Astrobiology is essentially the study of the origin of life in the universe — be it here on Earth or other worlds far away — and NASA knows that it’s going to take a while.
Earlier this month, the journal Astrobiology published The Astrobiology Primer 2.0, a guide to everything we know about the field and the follow-up to an original released a decade ago. Dr. Penelope Boston, Director of the NASA Astrobiology Institute, told Astrobiology that the field was “a fundamentally multi-generational enterprise” in addition to a multi-disciplinary one. The emphasis, then, is to train bright young minds early on to understand and navigate through understanding and predicting how life in other places could arise.
The first Astrobiology primer was published in 2006, aiming to explain to people unfamiliar with the subject just what exactly the field was trying to do. It stated that natural selection was the lone force responsible for evolution and touched on pretty much every scientific field, from paleontology to molecular biology to chemistry to space biology.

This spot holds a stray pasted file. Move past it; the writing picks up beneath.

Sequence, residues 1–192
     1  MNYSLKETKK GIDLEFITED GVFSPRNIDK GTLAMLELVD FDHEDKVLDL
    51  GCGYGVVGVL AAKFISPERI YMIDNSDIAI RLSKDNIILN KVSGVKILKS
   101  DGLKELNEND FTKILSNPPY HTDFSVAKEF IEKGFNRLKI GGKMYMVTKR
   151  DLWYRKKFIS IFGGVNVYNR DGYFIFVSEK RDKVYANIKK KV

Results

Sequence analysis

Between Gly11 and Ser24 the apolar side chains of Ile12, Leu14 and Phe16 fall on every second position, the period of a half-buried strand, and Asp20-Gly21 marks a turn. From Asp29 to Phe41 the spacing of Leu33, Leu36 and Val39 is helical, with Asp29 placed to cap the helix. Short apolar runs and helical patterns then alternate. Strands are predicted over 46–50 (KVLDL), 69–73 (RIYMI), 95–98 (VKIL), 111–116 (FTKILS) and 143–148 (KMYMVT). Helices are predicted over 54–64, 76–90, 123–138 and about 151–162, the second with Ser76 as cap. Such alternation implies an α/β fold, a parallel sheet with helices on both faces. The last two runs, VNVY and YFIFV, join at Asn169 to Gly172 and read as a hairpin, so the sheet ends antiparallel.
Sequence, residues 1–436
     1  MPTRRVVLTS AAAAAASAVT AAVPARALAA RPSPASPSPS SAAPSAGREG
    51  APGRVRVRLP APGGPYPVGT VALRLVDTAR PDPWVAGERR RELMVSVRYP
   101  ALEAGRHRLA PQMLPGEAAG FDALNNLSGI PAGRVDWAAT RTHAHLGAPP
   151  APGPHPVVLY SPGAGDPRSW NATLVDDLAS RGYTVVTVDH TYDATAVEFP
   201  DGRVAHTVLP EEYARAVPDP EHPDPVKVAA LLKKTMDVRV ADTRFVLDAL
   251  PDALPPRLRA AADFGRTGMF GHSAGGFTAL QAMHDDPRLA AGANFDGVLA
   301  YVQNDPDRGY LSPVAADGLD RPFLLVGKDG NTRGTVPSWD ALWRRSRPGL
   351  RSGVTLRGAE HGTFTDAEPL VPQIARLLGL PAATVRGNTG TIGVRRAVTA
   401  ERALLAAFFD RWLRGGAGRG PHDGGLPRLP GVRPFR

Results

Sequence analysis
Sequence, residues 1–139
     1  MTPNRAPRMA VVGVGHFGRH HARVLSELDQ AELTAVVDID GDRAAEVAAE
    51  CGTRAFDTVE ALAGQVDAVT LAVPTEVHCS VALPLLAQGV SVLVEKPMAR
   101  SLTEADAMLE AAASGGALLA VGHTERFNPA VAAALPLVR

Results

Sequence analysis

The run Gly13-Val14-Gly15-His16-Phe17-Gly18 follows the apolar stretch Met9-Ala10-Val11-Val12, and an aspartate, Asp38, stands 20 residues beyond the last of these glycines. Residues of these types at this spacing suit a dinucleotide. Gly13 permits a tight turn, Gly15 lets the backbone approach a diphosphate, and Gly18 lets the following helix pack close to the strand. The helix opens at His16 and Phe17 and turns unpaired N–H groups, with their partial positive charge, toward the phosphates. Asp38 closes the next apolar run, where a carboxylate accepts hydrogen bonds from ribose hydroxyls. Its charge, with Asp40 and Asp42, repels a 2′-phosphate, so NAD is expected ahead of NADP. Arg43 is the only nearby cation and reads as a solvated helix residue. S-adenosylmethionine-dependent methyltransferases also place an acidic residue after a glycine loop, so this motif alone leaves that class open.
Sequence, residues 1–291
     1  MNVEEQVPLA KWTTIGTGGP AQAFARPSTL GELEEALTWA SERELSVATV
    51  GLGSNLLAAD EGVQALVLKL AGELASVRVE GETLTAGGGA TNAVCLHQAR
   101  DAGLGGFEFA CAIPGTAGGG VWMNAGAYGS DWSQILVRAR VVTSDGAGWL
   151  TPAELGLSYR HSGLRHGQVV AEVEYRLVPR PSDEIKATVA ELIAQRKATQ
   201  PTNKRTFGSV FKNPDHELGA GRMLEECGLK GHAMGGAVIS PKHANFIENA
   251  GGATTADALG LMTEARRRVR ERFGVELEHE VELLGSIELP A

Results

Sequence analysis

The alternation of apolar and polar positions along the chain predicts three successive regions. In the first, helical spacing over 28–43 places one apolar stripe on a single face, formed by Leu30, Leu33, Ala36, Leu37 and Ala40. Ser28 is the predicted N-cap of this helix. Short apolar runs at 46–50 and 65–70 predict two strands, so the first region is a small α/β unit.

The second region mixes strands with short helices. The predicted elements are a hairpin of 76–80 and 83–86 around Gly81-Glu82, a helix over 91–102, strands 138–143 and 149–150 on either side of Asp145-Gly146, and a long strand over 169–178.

In the decade since, the field has been marked by an increase in funding. In keeping with a lot of the dialogue around space travel as the Mars missions get closer and closer, the new primer focuses a lot on the possibility of exploring other potentially habitable worlds — and, accordingly, what we can learn from our own biosphere.